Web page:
How lucky can you get? It turns out there's an answer to that question — and she's working behind the counter at a deli on Long Island.
Five years ago, Valerie Wilson won $1 million in a New York State scratch-off card game. Last year, she did it again, beating odds of more than 3 trillion to one. Is she the luckiest woman in America? "Well, I'll tell you what I say, 'Yes, I am,'" Wilson said with a laugh. "I was lucky as hell."
But when was the last time you heard a successful person call himself lucky? We'd all rather think of ourselves as hardworking or destined for success, not merely lucky.
"When something bad happens to you, it's bad luck," said "Freakonomics" author Stephen Dubner, summarizing today's prevailing attitudes. "When something good happens to you, it's your skill and hard work. It's pretty simple."
Fact is, we've changed how we feel about luck. Once calling someone lucky was a compliment. Now it sounds like a put-down. Consider this: In 1927, Charles Lindbergh flew across the Atlantic and was hailed in Paris as "Lucky" Lindy; 78 years later, Lance Armstrong won his seventh Tour de France and was also hailed in Paris, but after all his superhuman exertion on his bike, can you imagine calling him "Lucky" Lance?
Bing Crosby was one of the consummate vocalists of the 20th century, yet the title of his autobiography was "Call Me Lucky." Back then, crediting luck was a familiar way for a show-business superstar to show modesty in the face of overwhelming success, as if to say, "This could've happened to anyone."
Now, even the most marginally talented entertainers seek to justify their time in the spotlight by citing their years of hard work and personal sacrifice, not just luck.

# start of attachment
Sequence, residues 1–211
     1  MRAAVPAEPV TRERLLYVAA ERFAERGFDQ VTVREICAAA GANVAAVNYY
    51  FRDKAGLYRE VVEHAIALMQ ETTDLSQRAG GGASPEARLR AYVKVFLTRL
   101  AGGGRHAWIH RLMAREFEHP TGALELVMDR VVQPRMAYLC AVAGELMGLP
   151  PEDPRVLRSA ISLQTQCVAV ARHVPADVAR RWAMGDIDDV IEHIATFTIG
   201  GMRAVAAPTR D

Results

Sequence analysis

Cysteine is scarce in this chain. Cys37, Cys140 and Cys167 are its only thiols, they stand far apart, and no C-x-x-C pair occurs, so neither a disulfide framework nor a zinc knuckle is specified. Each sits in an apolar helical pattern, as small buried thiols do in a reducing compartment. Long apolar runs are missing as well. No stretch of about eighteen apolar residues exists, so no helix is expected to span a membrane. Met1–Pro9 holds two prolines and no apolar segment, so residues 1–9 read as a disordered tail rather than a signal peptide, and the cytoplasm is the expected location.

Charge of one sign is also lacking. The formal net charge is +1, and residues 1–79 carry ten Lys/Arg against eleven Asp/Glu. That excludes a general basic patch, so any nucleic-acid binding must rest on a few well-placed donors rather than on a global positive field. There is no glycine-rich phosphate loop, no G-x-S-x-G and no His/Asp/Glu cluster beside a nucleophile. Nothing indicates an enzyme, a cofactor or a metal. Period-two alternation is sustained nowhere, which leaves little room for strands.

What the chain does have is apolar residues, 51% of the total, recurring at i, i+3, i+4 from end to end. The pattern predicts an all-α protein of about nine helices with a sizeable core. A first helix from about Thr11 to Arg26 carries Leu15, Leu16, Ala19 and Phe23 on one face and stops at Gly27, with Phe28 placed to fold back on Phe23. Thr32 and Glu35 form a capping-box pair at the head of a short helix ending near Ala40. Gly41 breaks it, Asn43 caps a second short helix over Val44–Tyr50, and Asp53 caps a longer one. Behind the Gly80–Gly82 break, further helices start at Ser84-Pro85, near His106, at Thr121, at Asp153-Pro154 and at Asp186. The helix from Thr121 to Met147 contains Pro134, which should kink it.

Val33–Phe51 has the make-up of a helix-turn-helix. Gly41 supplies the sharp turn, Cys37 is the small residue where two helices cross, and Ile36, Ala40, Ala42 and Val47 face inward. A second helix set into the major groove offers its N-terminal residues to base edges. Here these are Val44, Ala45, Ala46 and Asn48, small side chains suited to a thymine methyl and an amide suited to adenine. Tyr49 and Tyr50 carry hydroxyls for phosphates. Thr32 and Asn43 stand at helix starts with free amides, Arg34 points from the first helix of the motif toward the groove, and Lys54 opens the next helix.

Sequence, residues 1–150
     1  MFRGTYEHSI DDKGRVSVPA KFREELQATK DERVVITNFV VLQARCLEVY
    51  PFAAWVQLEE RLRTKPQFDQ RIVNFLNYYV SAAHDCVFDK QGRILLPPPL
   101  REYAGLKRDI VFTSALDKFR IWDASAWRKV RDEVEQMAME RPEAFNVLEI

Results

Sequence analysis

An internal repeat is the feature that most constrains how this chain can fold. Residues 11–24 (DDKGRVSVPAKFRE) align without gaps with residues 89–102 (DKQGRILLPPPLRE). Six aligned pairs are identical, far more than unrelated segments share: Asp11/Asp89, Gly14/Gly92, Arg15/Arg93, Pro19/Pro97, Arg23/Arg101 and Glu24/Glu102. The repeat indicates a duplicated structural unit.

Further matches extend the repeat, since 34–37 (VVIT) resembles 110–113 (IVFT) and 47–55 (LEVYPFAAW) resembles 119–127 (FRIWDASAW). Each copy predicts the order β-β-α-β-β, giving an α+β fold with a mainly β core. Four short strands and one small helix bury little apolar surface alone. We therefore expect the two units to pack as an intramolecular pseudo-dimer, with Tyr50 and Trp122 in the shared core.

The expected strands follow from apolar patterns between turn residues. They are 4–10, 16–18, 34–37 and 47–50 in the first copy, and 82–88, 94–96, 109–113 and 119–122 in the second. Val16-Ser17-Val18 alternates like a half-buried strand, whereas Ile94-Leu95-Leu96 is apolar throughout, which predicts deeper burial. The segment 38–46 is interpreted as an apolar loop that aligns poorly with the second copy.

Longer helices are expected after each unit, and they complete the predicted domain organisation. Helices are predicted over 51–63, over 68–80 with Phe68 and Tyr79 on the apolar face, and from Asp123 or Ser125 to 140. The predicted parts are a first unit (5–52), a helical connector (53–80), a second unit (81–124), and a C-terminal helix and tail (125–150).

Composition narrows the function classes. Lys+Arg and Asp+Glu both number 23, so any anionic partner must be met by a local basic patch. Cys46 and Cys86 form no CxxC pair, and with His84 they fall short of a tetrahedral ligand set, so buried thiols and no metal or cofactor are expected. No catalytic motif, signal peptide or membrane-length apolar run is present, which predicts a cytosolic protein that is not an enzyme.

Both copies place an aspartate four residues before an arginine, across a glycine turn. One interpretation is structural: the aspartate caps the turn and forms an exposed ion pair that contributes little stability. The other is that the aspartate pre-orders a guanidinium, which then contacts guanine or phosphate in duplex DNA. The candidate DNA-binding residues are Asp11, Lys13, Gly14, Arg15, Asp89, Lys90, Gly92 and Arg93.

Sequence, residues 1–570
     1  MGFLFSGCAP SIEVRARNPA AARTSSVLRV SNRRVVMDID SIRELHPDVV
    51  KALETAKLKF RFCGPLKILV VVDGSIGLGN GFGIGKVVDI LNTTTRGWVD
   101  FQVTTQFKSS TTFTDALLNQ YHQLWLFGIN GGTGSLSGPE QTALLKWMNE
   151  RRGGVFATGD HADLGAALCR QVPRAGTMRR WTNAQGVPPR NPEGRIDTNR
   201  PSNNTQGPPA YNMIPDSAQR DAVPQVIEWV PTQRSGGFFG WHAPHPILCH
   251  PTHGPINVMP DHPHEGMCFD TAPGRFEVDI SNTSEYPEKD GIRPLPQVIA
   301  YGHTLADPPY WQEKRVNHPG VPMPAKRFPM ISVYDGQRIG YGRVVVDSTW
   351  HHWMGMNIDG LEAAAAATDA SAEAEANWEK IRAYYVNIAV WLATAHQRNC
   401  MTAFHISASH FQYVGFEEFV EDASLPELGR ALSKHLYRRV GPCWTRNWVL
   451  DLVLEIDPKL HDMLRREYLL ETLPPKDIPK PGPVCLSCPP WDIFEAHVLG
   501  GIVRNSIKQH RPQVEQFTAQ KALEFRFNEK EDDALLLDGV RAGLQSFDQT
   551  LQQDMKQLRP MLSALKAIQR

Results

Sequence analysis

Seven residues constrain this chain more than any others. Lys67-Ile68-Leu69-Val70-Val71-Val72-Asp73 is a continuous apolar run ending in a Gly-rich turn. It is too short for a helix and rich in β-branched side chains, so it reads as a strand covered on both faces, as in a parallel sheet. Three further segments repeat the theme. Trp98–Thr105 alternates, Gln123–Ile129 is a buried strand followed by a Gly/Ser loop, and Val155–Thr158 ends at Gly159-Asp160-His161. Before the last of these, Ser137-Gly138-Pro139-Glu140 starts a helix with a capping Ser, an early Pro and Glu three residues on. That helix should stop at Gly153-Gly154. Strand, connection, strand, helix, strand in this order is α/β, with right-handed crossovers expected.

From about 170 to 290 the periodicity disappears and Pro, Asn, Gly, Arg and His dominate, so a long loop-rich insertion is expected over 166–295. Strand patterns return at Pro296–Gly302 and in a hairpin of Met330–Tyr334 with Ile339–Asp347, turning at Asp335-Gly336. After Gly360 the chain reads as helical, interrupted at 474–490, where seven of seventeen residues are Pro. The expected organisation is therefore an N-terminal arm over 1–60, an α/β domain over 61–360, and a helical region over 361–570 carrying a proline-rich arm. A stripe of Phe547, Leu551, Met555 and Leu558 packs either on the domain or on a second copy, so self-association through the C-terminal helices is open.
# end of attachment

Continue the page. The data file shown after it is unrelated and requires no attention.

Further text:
Consider, as few do these days, Kevin Federline, former consort to Britney Spears. She turned him from a backup dancer to a solo artist, but when asked what had led to his opportunity, he told Details magazine, "I've been dancing my a-- off since Fresno."
"We like to control our own fate, in general," Dubner said. "With luck, that's the thing you can't control, and I think that frightens people."
No one seems less likely to say he got lucky than successful businessmen. "Because it takes away from the brilliance of their accomplishments," said Bo Peabody, "and they don't want that."
Now a successful venture capitalist and restaurateur, Peabody has written a book entitled "Lucky or Smart?" about his days as the 20-year-old founder of a late 1990s Internet startup called Tripod that was bought by the search engine Lycos.
"It wasn't profitable at all," said Peabody. Yet in the dot-com frenzy of the era, Lycos paid $64 million for it. Was that being smart or was that being lucky?
"That was being lucky," he said. "There was no way that that company was worth $64 million."
It doesn't mean he didn't work hard or make good decisions along the way. He did. But Peabody knows there's a place for luck in the business world: "I was smart enough to realize I was getting lucky."
Few understand the interplay between luck and hard work like professional poker players, who can win and lose millions at the tables.